17 Jan Cognitive Health and Resident Food, Education and Activities
Improve the work life of your staff and the quality of life for your residents all while enhancing the ROI of your community.
Leveraging MemoryMeals™ to become a brain leader helps keep your current residents healthier and attracting new residents who want to optimize their cognitive health throughout their lives. Now available to senior care facilities around the country, MemoryMeals™ combines chef-created recipes, cognitive activities and education to improve residents’ overall health and enhance their quality of life. This clinically-vetted nutrition program offers an innovative answer to the problem of dementia in seniors at a time when new drug therapies are proving to be unsuccessful.
Lower the Risk of Dementia By As Much As 53%
MemoryMeals™ is based on the MIND Diet, a research-based nutrition plan shown to elevate cognitive health with simple changes in diet and lifestyle. Developed by researchers at Rush University in Chicago, the MIND diet centers around brain-healthy ingredients such as fish, vegetables, whole grains, beans, and nuts, plus the addition of leafy greens, berries, and other ingredients specifically targeted to cognitive health. The result: the MIND diet has been shown to reduce the risk of developing Alzheimer’s disease by as much as 53% and slow cognitive decline in senior by as much as 6.5 years(1).
The beauty of MemoryMeals™ is that it seamlessly combines the benefits of the MIND diet into your facility’s operational plan, integrating the goals of your culinary, activities and marketing departments by delivering monthly menu plans tightly coordinated with resident-focused brain-stimulating games and activities, as well as educational marketing messages to keep your residents engaged.
Diet and Exercise Shown to Be More Beneficial Than Any Drug
According to a new study published in the Journal of the American Medical Association, the prevalence of dementia has fallen sharply in recent years. The likely cause is linked to the rising educational levels of Americans and a better emphasis on heart health—two factors that correlate to brain health. That’s good news, since we now have proof that there are tangible behavioral and social steps that can significantly reduce the risk of dementia, including diet, exercise and educational “brain training.” That’s especially significant since recent efforts to find an Alzheimer’s cure using drug therapy have failed to show any benefit in the latest clinical trials.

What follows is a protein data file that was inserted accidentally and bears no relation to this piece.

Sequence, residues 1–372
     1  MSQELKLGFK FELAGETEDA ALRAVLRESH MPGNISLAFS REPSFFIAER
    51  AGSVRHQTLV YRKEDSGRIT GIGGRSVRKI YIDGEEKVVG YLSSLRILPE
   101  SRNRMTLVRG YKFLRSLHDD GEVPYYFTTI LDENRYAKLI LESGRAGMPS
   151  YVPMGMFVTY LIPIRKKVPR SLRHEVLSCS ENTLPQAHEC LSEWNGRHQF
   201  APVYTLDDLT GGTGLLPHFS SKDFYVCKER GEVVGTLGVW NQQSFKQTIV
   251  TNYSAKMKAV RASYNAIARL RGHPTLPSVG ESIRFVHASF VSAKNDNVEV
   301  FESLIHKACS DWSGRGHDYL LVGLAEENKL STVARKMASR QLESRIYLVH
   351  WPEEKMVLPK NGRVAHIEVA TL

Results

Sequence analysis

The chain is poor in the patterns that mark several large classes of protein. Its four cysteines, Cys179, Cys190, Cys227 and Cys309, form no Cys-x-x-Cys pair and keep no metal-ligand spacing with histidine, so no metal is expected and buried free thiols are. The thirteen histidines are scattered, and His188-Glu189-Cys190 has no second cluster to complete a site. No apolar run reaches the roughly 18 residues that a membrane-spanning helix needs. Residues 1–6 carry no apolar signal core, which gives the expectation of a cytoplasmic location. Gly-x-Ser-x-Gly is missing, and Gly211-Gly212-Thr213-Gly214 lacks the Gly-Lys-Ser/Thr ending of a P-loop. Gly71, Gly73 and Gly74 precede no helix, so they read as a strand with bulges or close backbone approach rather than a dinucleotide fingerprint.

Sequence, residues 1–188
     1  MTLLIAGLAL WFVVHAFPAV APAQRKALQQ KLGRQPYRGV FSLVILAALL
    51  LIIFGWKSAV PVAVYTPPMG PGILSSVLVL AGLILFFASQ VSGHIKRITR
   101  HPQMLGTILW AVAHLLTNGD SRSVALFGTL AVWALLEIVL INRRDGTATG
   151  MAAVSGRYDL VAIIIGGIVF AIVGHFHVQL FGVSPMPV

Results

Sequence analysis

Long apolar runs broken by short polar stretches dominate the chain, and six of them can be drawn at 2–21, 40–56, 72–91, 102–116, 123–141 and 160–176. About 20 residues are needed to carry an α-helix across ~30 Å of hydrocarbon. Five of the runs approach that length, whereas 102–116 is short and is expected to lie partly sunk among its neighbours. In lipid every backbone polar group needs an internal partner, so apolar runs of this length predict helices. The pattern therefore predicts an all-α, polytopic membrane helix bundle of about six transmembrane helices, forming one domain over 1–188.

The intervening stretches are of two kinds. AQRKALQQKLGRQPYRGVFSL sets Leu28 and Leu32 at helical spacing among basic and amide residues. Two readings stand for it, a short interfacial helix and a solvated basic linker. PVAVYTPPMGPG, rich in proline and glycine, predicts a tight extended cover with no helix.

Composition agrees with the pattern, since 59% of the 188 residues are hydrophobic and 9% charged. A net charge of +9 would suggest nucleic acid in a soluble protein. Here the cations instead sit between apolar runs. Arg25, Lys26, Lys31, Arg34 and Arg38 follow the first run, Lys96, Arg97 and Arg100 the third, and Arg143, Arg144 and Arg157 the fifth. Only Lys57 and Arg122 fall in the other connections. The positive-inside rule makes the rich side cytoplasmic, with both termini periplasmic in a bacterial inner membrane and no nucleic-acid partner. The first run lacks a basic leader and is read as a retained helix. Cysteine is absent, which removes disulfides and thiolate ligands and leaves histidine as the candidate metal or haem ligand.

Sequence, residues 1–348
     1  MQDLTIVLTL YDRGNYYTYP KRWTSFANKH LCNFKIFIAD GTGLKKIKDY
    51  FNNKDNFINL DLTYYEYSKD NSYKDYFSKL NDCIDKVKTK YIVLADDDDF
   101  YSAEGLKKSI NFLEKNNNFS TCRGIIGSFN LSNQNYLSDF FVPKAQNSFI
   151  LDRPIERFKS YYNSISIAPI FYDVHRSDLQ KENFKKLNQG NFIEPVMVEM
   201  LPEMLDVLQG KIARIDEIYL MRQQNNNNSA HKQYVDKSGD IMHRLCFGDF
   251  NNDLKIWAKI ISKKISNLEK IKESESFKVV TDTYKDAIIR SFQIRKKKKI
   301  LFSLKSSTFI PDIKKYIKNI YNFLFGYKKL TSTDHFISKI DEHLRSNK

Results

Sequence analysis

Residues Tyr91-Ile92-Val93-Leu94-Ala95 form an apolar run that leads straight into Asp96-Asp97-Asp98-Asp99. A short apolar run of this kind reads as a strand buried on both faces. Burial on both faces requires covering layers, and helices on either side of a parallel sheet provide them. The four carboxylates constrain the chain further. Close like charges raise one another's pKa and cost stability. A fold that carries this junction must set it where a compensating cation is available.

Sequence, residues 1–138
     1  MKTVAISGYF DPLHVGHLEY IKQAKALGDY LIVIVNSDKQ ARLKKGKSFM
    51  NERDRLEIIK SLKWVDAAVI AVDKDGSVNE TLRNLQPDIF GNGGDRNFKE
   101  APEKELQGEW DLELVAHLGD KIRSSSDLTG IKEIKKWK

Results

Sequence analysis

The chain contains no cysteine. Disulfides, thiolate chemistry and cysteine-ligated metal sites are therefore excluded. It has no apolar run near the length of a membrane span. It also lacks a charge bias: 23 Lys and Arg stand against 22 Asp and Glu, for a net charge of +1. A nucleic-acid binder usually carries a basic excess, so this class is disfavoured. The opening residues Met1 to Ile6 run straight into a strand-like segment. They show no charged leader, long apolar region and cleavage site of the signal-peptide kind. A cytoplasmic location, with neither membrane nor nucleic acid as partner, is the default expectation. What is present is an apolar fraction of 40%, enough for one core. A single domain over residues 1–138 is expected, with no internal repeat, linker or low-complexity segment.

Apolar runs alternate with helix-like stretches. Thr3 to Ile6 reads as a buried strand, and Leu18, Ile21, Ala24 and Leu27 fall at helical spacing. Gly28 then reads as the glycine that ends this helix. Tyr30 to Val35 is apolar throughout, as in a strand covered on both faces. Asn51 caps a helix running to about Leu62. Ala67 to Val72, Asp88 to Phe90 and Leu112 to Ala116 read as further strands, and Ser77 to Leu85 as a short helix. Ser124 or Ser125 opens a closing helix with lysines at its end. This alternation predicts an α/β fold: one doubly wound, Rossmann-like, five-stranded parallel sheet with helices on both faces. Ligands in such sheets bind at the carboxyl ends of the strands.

It’s worth noting that even though dementia rates are falling, the total number of Americans suffering from the condition will continue to increase as the number of seniors over age 65 is expected to almost double by 2050.
Coordinate + Collaborate = Improved Brain Health
MemoryMeals™ makes it easy to help improve the cognitive health of your residents by coordinating the various aspects of brain health—diet, social activities and resident engagement—into one simple-to-implement program. Brain-healthy menus tie-in seamlessly with activities that both stimulate the brain and promote socialization.
Every month, MemoryMeals™ publishes a customizable meal plan with recommended resident engagement activities and ready-for-release promotional collateral. Kick your trivia night up a notch with brain-health teasers that are coordinated with your meal plan. Or invite your residents to plant centerpieces of brain-healthy herbs that are featured in their meals throughout the month. With MemoryMeals™, you don’t have to sit through brainstorming interdepartmental meetings…all of the work and coordinating is done for you!
Spend More Quality Time with Your Residents
Stop rushing past your residents and letting your work pile up. MemoryMeals™ can help you coordinate with your co-workers and produce fun, healthy programs that your residents will love to engage with. It’s easy to adopt, quick to produce and designed to make work simpler and more fulfilling for every member of your staff, from the chef and kitchen crew to the activities team to the marketing department.
(1) “MIND diet associated with reduced incidence of Alzheimer’s disease”, Martha Clare Morris , Christy C. Tangney, Yamin Wang, Frank M. Sacks, David A. Bennett, Neelum T. Aggarwal.